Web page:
Distorted Self-Image with Bipolar Disorder

Living with bipolar disorder comes with a unique set of challenges. Even with the proper mental health treatment, managing bipolar
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Living with bipolar disorder comes with a unique set of challenges. Even with the proper mental health treatment, managing bipolar disorder behavior takes active, ongoing effort. Distorted self-image tends to be a common problem that affects people with the condition. How does bipolar disorder impact self-image, and what can you do to improve it?

What is Self-Image?

Self-image refers to the way a person perceives and feels about themselves. It includes the ideas, conceptions, and opinions that a person carries about themselves, both externally and internally. A person with a healthy self-image recognizes and accepts their positive and negative attributes and understands this makes them a whole person. Someone with a distorted self-image may view themselves as far greater or far worse than they actually are, and it affects how they navigate their lives and interact with others.

Bipolar Disorder Behavior

Bipolar disorder causes dramatic mood shifts between mania and depression. These manic and depressive periods, or “episodes,” result in significant changes to mood, energy, and activity levels. During manic episodes, people feel energized, elated, and may behave unpredictably. During depressive episodes, people feel sad, lethargic, and hopeless.

Bipolar disorder behavior depends on whether someone is in a manic or a depressive episode. Depressive episodes often consist of isolating from others, staying at home, and struggling to get out of bed. Manic episodes are typically more erratic and often involve risky behaviors, such as working long hours, excessive spending, or alcohol and drug use.

How Distorted Self-Image Manifests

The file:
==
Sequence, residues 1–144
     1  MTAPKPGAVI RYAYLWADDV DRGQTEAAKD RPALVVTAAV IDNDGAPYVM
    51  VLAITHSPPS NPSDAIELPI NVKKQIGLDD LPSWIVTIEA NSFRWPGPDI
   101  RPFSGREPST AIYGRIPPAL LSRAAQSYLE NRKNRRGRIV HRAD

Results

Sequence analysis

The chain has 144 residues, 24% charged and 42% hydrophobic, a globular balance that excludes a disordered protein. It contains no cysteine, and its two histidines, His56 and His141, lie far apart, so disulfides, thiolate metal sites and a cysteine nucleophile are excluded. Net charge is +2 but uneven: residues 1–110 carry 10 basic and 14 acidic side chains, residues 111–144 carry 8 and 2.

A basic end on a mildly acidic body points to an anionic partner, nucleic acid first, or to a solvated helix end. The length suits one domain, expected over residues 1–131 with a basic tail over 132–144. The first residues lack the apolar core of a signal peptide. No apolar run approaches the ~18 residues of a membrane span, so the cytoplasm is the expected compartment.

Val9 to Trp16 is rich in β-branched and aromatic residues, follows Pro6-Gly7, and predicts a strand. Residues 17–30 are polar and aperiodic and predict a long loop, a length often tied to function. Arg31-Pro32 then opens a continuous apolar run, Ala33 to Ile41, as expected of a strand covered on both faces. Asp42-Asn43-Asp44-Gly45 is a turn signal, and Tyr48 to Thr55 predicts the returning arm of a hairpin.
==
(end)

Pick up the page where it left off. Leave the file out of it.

Distorted self-image is a common experience for individuals with bipolar disorder, and is often related to the current episode a person is in. For example, depressive episodes can cause people to think that no one cares about them, that they are worthless, or that there is no hope for their future. These distorted thoughts and low mood typically result in low self-image.1

On the other hand, mania can cause a distorted self-image to the opposite extreme. Mania often leads to feelings of grandiosity, inflated self-worth, and extreme self-confidence. This causes some of the more erratic bipolar disorder behaviors that occur during manic episodes.

Research shows that people with bipolar disorder also experience heightened ambitions for goals as well as an increased need for recognition from others. Individuals with these traits experience distortion in their sense of self that ebbs and flows alongside their episodes.2 Setting drastic goals during manic episodes and then being unable to meet them during depressive episodes will understandably result in low self-worth.

Then there’s the experience of distorted self-image caused by the diagnosis itself. Plenty of stigma and misunderstanding still surround bipolar disorder. People with the condition may internalize those inaccurate judgments and assumptions, which also affects self-image.2

Working on Self-Image in Mental Health Treatment

If you or a loved one struggle with distorted self-image or bipolar disorder behaviors, mental health treatment can help. Programs like those at Clearview Treatment Centers are designed to provide support and healing for those living with a mental health disorder. To learn more about the programs available at Clearview, call us at 866-339-3544 or submit an online contact form to speak with an admissions specialist.



  1. Journal of Affective Disorders. (2015). Self-images in the present and future: Role of affect and the bipolar phenotype.
  2. Journal of Personality. (2019). Identity in bipolar disorder: Self-worth and achievement.


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